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A-O Rewind

Celebrating Portlandia One Sketch at a Time

The final season of Portlandia approaches.

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GIFs via Giphy

Most people measure time in minutes, hours, days, years…At IFC, we measure it in sketches. And nothing takes us way (waaaaaay) back like Portlandia sketches. Yes, there’s a Portlandia milepost from every season that changed the way we think, behave, and pickle things. In honor of Portlandia’s 8th and final season, Subaru presents a few of our favorites.

via GIPHY

Put A Bird On It

Portlandia enters the pop-culture lexicon and inspires us to put birds on literally everything.

Colin the Chicken

Who’s your chicken, really? Behold the emerging locavore trend captured perfectly to the nth degree.

Dream Of The ’90s

This treatise on Portland made it clear that “the dream” was alive and well.

No You Go

We Americans spend most of our lives in cars. Fortunately, there’s a Portlandia sketch for every automotive situation.

A-O River!

We learned all our outdoor survival skills from Kath and Dave.

One More Episode

The true birth of binge watching, pre-Netflix. And what you’ll do once Season 8 premieres.

Catch up on Portlandia’s best moments before the 8th season premieres January 18th on IFC.

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WTF Films

Artfully Off

Celebrity All-Star by Sisters Weekend is available now on IFC's Comedy Crib.

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Sisters Weekend isn’t like other comedy groups. It’s filmmaking collaboration between besties Angelo Balassone, Michael Fails and Kat Tadesco, self-described lace-front addicts with great legs who write, direct, design and produce video sketches and cinematic shorts that are so surreally hilarious that they defy categorization. One such short film, Celebrity All-Star, is the newest addition to IFC’s Comedy Crib. Here’s what they had to say about it in a very personal email interview…

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IFC: How would you describe Celebrity All-Star to a fancy network executive you just met in an elevator?

Celebrity All-Star is a short film about an overworked reality TV coordinator struggling to save her one night off after the cast of C-List celebrities she wrangles gets locked out of their hotel rooms.

IFC: How would you describe Celebrity All-Star to a drunk friend of a friend you met in a bar?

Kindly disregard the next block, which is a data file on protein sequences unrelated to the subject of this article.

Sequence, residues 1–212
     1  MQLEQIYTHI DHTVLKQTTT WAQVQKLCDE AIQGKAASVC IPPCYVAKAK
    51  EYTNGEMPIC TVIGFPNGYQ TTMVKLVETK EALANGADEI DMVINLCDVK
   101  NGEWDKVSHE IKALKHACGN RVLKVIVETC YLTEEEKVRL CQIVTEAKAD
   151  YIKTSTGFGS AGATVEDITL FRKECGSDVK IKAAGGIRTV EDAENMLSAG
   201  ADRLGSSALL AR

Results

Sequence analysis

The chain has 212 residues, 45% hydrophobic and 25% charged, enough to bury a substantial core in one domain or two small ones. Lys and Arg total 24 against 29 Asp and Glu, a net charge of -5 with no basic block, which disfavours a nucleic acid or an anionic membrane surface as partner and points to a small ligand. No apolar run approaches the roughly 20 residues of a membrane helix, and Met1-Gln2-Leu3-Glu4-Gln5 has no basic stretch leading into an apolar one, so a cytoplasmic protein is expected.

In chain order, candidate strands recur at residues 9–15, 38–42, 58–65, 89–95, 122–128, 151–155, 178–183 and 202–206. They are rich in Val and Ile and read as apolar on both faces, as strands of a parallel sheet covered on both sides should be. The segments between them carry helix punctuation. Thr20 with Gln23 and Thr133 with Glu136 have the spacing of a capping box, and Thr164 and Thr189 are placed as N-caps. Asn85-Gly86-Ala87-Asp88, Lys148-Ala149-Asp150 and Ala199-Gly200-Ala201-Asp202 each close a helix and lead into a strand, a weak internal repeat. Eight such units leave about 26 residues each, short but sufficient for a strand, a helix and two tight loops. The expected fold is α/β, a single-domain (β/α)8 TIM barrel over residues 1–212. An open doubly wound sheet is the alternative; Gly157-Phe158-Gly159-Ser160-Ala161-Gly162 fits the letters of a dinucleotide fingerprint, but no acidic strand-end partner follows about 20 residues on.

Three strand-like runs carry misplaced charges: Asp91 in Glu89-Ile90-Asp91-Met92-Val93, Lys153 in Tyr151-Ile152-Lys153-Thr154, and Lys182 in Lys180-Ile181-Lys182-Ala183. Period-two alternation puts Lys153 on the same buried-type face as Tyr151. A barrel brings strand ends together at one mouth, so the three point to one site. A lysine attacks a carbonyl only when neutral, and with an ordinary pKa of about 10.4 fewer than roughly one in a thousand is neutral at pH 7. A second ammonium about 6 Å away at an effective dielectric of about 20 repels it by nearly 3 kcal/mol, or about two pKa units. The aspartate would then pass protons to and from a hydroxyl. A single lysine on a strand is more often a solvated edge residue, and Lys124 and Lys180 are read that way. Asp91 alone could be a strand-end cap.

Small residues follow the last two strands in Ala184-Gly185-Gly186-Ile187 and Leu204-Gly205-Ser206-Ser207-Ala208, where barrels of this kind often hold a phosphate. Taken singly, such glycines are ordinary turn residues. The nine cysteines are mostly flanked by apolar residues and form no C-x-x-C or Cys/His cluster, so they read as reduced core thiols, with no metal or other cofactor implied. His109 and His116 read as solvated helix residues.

Sisters Weekend: It’s this short we made for IFC where a talent coordinator named Karen babysits a bunch of weird c-list celebs who are stuck in a hotel bar. It’s everyone you hate from reality TV under one roof – and that roof leaks because it’s a 2-star hotel. There’s a magician, sexy cowboys, and a guy wearing a belt that sucks up his farts.

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IFC: What was the genesis of Celebrity All-Star?

Celebrity All-Star was born from our love of embarrassing celebrities. We love a good c-lister in need of a paycheck! We were really interested in the canned politeness people give off when forced to mingle with strangers. The backstory we created is that the cast of this reality show called “Celebrity All-Star” is in the middle of a mandatory round of “get to know each other” drinks in the hotel bar when the room keys stop working. Shows like Celebrity Ghost Hunters and of course The Surreal Life were of inspo, but we thought it
was funny to keep it really vague what kind of show they’re on, and just focus on everyone’s diva antics after the cameras stop rolling.

IFC: Every celebrity in Celebrity All-Star seems familiar. What real-life pop personalities did you look to for inspiration?

Sisters Weekend: Anyone who is trying to plug their branded merch that no one asked for. We love low-rent celebrity. We did, however, directly reference Kylie Jenner’s turd-raison lip color for our fictional teen celebutante Gibby Kyle (played by Mary Houlihan).

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IFC: Celebrity seems disgusting yet desirable. What’s your POV? Do you crave it, hate it, or both?

Sisters Weekend: A lot of people chase fame. If you’re practical, you’ll likely switch to chasing success and if you’re smart, you’ll hopefully switch to chasing happiness. But also, “We need money. We need hits. Hits bring money, money bring power, power bring fame, fame change the game,” Young Thug.

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IFC: Who are your comedy idols?

Sisters Weekend: Mike grew up renting “Monty Python” tapes from the library and staying up late to watch 2000’s SNL, Kat was super into Andy Kaufman and “Kids In The Hall” in high school, and Angelo was heavily influenced by “Strangers With Candy” and Anna Faris in the Scary Movie franchise, so, our comedy heroes mesh from all over. But, also we idolize a lot of the people we work with in NY-  Lorelei Ramirez, Erin Markey, Mary Houlihan, who are all in the film, Amy Zimmer, Ana Fabrega, Patti Harrison, Sam Taggart. Geniuses! All of Em!

IFC: What’s your favorite moment from the film?

Sisters Weekend: I mean…seeing Mary Houlihan scream at an insane Pomeranian on an iPad is pretty great.

See Sisters Weekend right now on IFC’s Comedy Crib